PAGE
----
SLO County’s primary election winners
June 8, 2016
Supervisor Debbie Arnold won reelection Tuesday night by a 6 percent margin. The other two county supervisor races are heading to runoffs, and in one of them, Supervisor Adam Hill is at risk of losing his job.
In the District 1 race, political consultant John Peschong received 45.61 percent of the vote, and Paso Robles Mayor Steve Martin received 35.19 percent which mirrored a CalCoastNews poll from a month earlier. Peschong and Martin will face each other in a November runoff election.
Paso Robles Councilman John Hamon and Paso Robles attorney Dale Gustin were also on the 1st District ballot. Hamon finished with 16.05 percent and Gustin 2.86 percent.
Hill received 42.26 percent of the vote in District 3, which put him in first place. However, Hill’s two challengers received a combined total of 57.50, signalling that Hill is at risk of losing in November.
San Luis Obispo Councilman Dan Carpenter advanced to the runoff election against Hill. Carpenter edged former Grover Beach Mayor Debbie Peterson by about 5 percent. Carpenter received 31.23 percent of the vote and Peterson received 26.27 percent.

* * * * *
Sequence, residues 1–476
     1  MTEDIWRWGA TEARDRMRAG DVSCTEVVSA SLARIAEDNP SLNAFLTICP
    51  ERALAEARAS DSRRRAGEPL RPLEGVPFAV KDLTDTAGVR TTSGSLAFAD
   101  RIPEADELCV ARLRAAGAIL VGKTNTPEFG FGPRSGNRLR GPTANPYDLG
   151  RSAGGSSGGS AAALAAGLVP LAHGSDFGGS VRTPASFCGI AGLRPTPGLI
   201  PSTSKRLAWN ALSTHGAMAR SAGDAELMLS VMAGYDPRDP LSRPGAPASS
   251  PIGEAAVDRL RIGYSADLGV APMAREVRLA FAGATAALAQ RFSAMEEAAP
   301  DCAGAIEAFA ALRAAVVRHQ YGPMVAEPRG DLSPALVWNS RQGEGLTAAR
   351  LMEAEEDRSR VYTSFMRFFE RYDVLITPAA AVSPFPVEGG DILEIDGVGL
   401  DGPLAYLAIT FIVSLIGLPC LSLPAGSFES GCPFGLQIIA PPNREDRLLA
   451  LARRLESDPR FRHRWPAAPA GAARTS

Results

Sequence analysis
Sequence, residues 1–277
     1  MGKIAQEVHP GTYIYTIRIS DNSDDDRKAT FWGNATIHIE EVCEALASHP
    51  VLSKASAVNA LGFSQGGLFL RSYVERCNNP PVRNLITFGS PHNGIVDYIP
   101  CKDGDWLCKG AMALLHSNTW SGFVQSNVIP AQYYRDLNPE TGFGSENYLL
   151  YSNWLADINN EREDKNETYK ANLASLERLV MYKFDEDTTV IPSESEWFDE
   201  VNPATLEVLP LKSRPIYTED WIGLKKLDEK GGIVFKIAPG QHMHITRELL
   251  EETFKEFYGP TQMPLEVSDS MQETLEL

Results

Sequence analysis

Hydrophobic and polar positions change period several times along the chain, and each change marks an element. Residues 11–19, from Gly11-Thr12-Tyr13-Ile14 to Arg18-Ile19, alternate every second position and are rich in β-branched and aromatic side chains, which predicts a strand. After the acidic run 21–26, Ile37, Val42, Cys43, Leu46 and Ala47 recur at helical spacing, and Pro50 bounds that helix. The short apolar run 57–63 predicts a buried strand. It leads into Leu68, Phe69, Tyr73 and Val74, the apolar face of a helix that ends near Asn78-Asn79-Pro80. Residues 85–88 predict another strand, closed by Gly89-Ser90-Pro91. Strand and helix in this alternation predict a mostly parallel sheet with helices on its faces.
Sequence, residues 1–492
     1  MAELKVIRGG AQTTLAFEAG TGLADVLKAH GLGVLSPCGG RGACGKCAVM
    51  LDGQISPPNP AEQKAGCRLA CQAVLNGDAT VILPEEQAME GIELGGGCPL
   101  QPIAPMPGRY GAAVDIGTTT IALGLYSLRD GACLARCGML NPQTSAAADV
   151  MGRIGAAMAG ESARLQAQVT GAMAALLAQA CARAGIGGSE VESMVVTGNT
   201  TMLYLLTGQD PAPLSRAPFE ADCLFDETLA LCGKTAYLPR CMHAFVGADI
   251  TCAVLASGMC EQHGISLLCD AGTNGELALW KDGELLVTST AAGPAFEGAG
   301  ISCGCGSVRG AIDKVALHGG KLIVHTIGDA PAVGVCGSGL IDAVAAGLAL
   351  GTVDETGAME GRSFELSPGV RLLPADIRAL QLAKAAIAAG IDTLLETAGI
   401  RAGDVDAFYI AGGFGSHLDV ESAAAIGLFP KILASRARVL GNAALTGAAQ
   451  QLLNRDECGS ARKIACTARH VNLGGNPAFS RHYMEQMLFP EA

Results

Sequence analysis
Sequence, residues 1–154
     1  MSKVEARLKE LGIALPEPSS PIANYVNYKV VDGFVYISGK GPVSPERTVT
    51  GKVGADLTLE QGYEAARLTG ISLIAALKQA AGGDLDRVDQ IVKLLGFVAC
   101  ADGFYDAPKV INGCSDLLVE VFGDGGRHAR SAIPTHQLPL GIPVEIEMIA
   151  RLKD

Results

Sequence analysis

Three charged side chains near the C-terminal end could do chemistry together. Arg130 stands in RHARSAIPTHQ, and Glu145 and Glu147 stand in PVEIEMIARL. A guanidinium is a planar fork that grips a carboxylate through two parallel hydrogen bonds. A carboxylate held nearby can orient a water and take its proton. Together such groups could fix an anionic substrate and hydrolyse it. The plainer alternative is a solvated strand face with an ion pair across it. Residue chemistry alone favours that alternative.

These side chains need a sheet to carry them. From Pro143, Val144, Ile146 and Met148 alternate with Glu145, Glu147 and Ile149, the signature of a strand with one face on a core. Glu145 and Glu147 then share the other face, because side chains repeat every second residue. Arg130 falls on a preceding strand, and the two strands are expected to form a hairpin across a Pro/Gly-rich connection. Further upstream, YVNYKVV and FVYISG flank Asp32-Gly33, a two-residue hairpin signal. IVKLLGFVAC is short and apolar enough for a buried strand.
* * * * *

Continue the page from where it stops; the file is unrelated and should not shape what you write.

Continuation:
Arnold defeated challenger Eric Michielssen in District 5, the lone county supervisor race with just two candidates. The incumbent supervisor won 53.02 to 46.74. Michielssen performed better than polls indicated he would, but Arnold still managed to win a second term in office.
In the local State Assembly race, Democrat Dawn Ortiz-Legg and Republican Jordan Cunningham moved onto the general election. Ortiz-Legg received 44.9 percent of the vote, and Cunningham received 37.3 percent of the vote.
The losing candidates in the race were Republican Steve Lebard and Libertarian Dominic Rubini. Lebard garnered 14.8 percent and Rubini 3.0 percent.
Though Ortiz-Legg received the most votes in the primary, Cunningham may be favored to win the general election. Lebard split some of the Republican vote in the primary, and the Assembly district leans Republican. The 35th District consists of all of San Luis Obispo County and much of northern Santa Barbara County, including Santa Maria and Lompoc.
Voters in Cayucos rejected the only local initiative on the ballot Tuesday. A tax measure with the aim of funding a full-time fire department needed a two thirds vote to pass. Only 39.86 percent of Cayucos voters supported it.